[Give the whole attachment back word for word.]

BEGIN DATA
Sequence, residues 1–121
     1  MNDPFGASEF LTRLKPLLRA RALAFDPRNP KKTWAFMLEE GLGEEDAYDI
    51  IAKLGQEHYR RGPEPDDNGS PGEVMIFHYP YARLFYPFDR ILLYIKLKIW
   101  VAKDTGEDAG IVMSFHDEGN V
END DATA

Sequence, residues 1–121
     1  MNDPFGASEF LTRLKPLLRA RALAFDPRNP KKTWAFMLEE GLGEEDAYDI
    51  IAKLGQEHYR RGPEPDDNGS PGEVMIFHYP YARLFYPFDR ILLYIKLKIW
   101  VAKDTGEDAG IVMSFHDEGN V